Friday Five Creepy Archaeology DiscoveriesWhat’s the best thing you’ve ever found? It’s a common question asked of archaeologists and one that more often than not leaves disappointment dashed across the face of the asker.  The Lost Gold of Eldorado? The Tomb of Ozymandias? Richard the Fourth? The Fifth? Maybe even… the Sixth?

Replace expectations of all the above with charcoal, carved stones and, well, a load of old rubbish, and you’re coming somewhere closer to archaeologists day-today reality. So we’ve compiled five discoveries you can borrow in these times of need to add a bit of pizazz to your discoveries CV. But to be honest, we’re actually quite glad we didn’t dig up this lot.

Friday Five Creepy Archaeology

1. Headless Vikings

A dig like any other. Checking there’s nothing too important hiding underground in Dorset before all is destroyed by a new road. Oh wait what’s that, a skeleton? Still not too exciting. Try 51 skeletons, but you’ve probably still heard better. How about 51 decapitated Viking skeletons with their heads thrown into a careless heap a few metres away? Now we’ve got your attention. Most likely a captured raiding party, cut marks show the falling axe was far from accurate. The skeletons were hacked all around the neck and jaw; one man’s hand wounds suggest he tried in vain to avert the course of the blade. Whatever you do we don’t recommend taking a stroll along this road on a dark night. The headless horseman sounds bad enough; we really have no desire to bump into the headless band of Viking raiders.

2. The Tomb of the Sunken Skulls

So you find a mysterious Mesolithic stone structure, which had been built on the bottom of a shallow lake. On closer inspection you find it contains the skulls of eleven individuals ranging from children to the elderly. Two of these skulls have stakes still embedded all the way from their base to their top. Another one of these skulls has had the broken skull bone from a different individual placed inside it like a macabre sort of Russian doll. Do you a.) go running for the hills screaming about curses b.) make excuses about needing to clean your trowel and escape site ASAP or c.) take careful samples for testing. You guessed it…  The skulls were dated to 6212–5717 BC though the reasons for such a complex depositional process remain unsolved.

3. The Sewer of Babies

Just in case you haven’t had enough of mass burials we’ve got one more to give, and trust us it only gets worse.  How can we make the mass burial of 100 individuals in a sewer under a late Roman-early Byzantine bathhouse as creepy as it possibly can be? Oh did we mention they are all babies? It’s the first time ever we’re hoping some awful epidemic or famine wiped out new born babies but no, of course the truth is much worse. The same age at death, a few days old, and the absence of signs of disease or skeletal malformation point to one thing, infanticide. The grim suggestion that takes the forefront is that this may have been no ordinary ‘bath house’; it perhaps had the odd ‘massage’ on offer too. This has been suggested to explain the higher frequency of male skeletons as well, with some females allowed to live to keep on the family prostitution business.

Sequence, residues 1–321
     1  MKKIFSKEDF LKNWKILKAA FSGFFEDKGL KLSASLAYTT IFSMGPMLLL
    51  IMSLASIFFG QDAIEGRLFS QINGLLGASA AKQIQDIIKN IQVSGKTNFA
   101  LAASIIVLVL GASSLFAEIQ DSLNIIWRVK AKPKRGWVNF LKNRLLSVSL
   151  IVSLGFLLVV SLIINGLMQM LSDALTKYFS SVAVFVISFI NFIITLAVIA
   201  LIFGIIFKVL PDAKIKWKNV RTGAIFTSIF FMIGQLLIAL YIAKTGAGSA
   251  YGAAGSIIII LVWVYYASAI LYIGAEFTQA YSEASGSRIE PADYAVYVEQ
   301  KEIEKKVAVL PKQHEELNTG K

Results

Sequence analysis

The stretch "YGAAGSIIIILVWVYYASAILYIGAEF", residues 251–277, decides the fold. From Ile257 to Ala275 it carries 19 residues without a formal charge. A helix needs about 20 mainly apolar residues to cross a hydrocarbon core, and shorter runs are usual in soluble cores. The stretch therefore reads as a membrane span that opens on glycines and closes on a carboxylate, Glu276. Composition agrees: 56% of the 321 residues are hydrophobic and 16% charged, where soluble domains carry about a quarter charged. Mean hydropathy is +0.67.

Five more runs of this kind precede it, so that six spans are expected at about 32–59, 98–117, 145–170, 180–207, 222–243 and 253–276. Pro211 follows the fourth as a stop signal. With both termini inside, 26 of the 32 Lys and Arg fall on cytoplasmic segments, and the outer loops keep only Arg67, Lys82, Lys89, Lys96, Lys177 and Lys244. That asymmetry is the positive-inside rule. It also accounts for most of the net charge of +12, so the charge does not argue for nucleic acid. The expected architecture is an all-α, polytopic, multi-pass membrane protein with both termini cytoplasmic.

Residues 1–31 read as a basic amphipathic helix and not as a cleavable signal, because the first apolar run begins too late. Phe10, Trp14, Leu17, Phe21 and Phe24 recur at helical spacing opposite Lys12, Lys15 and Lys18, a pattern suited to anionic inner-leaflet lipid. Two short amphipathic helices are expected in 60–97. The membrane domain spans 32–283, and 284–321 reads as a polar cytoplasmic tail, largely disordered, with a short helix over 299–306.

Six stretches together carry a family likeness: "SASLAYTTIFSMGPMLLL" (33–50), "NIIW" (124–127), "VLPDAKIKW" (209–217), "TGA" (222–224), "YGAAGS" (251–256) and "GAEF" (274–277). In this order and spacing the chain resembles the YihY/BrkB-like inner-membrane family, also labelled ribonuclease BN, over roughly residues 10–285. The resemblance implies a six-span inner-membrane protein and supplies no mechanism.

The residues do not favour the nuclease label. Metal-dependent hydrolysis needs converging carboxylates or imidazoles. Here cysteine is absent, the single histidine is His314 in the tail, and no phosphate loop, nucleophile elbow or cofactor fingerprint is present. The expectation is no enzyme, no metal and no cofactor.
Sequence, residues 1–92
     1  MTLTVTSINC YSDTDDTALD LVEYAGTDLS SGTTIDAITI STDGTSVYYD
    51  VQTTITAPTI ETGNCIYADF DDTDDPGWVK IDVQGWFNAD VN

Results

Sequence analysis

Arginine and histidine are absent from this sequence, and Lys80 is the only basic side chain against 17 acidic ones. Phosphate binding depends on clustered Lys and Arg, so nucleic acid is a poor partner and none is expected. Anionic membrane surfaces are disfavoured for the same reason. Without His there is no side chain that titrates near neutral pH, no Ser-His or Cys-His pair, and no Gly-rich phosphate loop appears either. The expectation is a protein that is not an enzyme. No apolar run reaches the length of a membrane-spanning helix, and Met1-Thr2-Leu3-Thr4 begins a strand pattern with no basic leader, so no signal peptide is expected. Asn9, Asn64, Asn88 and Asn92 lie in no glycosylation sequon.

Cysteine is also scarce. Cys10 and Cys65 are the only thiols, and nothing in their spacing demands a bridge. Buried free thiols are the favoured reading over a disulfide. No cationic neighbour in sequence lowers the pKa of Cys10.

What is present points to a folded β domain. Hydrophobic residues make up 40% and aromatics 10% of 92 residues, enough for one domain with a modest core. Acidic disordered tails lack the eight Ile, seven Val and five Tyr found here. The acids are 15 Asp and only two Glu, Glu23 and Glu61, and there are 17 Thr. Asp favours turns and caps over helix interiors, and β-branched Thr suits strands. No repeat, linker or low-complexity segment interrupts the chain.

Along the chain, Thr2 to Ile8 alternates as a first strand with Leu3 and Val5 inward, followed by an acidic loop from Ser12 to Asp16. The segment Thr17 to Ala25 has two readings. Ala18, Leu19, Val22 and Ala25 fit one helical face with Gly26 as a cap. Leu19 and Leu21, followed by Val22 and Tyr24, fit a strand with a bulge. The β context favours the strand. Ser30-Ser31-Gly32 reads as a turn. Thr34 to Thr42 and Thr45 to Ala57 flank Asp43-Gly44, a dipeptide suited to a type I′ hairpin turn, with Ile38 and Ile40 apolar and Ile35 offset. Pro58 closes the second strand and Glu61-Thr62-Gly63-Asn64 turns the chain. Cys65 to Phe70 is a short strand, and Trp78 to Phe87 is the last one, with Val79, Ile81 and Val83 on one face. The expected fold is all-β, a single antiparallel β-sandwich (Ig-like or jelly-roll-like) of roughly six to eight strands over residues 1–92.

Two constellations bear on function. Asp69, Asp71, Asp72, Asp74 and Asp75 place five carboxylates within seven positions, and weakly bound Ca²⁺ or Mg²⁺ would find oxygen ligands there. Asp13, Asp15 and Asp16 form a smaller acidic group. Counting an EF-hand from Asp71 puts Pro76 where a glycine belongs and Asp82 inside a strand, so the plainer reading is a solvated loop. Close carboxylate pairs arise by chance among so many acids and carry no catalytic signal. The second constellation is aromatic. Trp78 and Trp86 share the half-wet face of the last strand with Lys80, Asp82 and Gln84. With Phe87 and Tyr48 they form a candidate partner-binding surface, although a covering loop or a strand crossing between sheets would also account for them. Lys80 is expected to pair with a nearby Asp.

4. Ancient Chemical Warfare

In 1933 archaeologist Robert du Mesnil du Buisson was digging in the area of Dura-Europos, where the ancient Persians sieged the Romans, when he found a series of tunnels. Nothing too out of the ordinary there. What was unusual was the pile of 19 Roman soldiers who had dropped to their deaths at one end of a tunnel seemingly due to the powerful supernatural powers of the one Persian who confronted them at the other end (the exertion of which killed him too). Yes, OK, we’re getting a bit carried away with the interpretation here, but the truth is in fact even more unbelievable. This has been interpreted as the earliest attempt at chemical warfare, recognised by the traces of sulphur and bitumen on the walls. The suggestion is that bitumen and sulphur crystals were ignited to create poisonous gas, which was then funnelled through the tunnel with the use of underground chimneys and bellows. Unfortunately for the Persian, who seems to be clawing frantically at his own body, someone needed to release the gas. He definitely drew the short straw on that one.

5. The Screaming Mummies

We know what you’re thinking, you’re going to throw in the trowel and apply for a job in the cosy confines of the archaeology section of a library. And we don’t blame you, if the last four finds haven’t been enough to put you off archaeology for life this one will be. Meet the screaming mummies. Although these may be our creepiest to discover, they are actually the result of a natural and pretty un-creepy process. The jaw of humans naturally falls open during the process of decay if it not strapped closed. Most burial practices account for this, but poor you if you excavate one that doesn’t. As they say on Crime Watch – Good Night, and don’t have nightmares!

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Aisling Serrant

An all round museum educator and enthusiast, Aisling's the Family Festival Coordinator at the Museum of London Docklands.

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